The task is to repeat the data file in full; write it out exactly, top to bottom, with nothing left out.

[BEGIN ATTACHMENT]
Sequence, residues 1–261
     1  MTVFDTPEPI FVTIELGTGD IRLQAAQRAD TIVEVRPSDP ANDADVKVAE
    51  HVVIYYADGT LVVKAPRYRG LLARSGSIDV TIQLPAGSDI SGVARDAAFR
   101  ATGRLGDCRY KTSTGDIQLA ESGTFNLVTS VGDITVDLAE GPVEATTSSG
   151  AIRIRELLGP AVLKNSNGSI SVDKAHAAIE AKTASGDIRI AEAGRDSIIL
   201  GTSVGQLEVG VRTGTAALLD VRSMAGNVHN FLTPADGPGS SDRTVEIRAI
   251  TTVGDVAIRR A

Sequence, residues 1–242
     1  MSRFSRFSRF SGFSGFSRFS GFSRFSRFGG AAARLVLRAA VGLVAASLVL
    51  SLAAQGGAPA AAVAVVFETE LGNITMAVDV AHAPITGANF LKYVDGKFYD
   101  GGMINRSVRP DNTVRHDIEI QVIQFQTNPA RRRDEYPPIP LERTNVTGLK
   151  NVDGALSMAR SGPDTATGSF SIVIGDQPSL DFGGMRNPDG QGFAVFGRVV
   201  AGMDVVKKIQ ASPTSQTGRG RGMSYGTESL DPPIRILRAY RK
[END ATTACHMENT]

Sequence, residues 1–261
     1  MTVFDTPEPI FVTIELGTGD IRLQAAQRAD TIVEVRPSDP ANDADVKVAE
    51  HVVIYYADGT LVVKAPRYRG LLARSGSIDV TIQLPAGSDI SGVARDAAFR
   101  ATGRLGDCRY KTSTGDIQLA ESGTFNLVTS VGDITVDLAE GPVEATTSSG
   151  AIRIRELLGP AVLKNSNGSI SVDKAHAAIE AKTASGDIRI AEAGRDSIIL
   201  GTSVGQLEVG VRTGTAALLD VRSMAGNVHN FLTPADGPGS SDRTVEIRAI
   251  TTVGDVAIRR A

Sequence, residues 1–242
     1  MSRFSRFSRF SGFSGFSRFS GFSRFSRFGG AAARLVLRAA VGLVAASLVL
    51  SLAAQGGAPA AAVAVVFETE LGNITMAVDV AHAPITGANF LKYVDGKFYD
   101  GGMINRSVRP DNTVRHDIEI QVIQFQTNPA RRRDEYPPIP LERTNVTGLK
   151  NVDGALSMAR SGPDTATGSF SIVIGDQPSL DFGGMRNPDG QGFAVFGRVV
   201  AGMDVVKKIQ ASPTSQTGRG RGMSYGTESL DPPIRILRAY RK